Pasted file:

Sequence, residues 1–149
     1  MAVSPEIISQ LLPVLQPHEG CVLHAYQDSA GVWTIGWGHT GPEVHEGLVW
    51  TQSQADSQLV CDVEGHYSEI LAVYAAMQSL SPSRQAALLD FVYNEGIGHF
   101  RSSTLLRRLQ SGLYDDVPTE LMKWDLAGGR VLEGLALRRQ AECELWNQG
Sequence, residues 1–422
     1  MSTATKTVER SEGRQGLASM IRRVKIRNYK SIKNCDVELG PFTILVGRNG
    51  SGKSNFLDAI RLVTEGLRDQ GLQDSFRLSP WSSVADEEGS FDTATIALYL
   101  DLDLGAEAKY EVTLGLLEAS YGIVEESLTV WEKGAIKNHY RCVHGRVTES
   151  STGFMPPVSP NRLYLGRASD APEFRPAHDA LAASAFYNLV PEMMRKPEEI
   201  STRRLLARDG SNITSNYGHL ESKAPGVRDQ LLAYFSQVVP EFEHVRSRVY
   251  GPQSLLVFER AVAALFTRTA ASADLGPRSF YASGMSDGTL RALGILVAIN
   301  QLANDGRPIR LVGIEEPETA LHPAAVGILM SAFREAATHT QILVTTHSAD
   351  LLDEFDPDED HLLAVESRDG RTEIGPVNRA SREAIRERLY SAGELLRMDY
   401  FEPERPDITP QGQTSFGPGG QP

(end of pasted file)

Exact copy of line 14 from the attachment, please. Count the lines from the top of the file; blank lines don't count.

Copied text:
   401  FEPERPDITP QGQTSFGPGG QP